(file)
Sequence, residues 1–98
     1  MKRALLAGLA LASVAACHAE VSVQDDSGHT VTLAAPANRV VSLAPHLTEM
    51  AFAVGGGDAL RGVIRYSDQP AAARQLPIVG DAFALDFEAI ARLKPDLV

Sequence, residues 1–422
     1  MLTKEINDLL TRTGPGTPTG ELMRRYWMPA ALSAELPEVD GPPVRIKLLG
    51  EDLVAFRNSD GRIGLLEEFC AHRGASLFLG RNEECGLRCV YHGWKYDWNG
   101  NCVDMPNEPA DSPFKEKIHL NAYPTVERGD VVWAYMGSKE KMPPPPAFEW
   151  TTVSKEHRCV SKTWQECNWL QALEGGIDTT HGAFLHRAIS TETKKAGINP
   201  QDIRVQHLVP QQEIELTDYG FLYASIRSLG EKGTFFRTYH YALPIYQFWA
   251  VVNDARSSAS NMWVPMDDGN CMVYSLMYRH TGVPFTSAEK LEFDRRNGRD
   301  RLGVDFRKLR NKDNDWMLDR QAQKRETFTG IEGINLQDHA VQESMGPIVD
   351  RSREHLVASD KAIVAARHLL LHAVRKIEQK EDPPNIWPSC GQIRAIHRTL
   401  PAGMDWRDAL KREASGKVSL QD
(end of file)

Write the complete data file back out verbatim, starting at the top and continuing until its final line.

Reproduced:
Sequence, residues 1–98
     1  MKRALLAGLA LASVAACHAE VSVQDDSGHT VTLAAPANRV VSLAPHLTEM
    51  AFAVGGGDAL RGVIRYSDQP AAARQLPIVG DAFALDFEAI ARLKPDLV

Sequence, residues 1–422
     1  MLTKEINDLL TRTGPGTPTG ELMRRYWMPA ALSAELPEVD GPPVRIKLLG
    51  EDLVAFRNSD GRIGLLEEFC AHRGASLFLG RNEECGLRCV YHGWKYDWNG
   101  NCVDMPNEPA DSPFKEKIHL NAYPTVERGD VVWAYMGSKE KMPPPPAFEW
   151  TTVSKEHRCV SKTWQECNWL QALEGGIDTT HGAFLHRAIS TETKKAGINP
   201  QDIRVQHLVP QQEIELTDYG FLYASIRSLG EKGTFFRTYH YALPIYQFWA
   251  VVNDARSSAS NMWVPMDDGN CMVYSLMYRH TGVPFTSAEK LEFDRRNGRD
   301  RLGVDFRKLR NKDNDWMLDR QAQKRETFTG IEGINLQDHA VQESMGPIVD
   351  RSREHLVASD KAIVAARHLL LHAVRKIEQK EDPPNIWPSC GQIRAIHRTL
   401  PAGMDWRDAL KREASGKVSL QD